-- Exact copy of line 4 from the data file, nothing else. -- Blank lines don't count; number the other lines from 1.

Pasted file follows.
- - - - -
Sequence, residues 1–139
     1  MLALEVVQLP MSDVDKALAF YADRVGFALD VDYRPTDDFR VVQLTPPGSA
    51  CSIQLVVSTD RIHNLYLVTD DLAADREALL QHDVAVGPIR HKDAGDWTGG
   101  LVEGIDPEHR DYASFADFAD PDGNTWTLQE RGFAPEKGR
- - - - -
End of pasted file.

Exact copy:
   101  LVEGIDPEHR DYASFADFAD PDGNTWTLQE RGFAPEKGR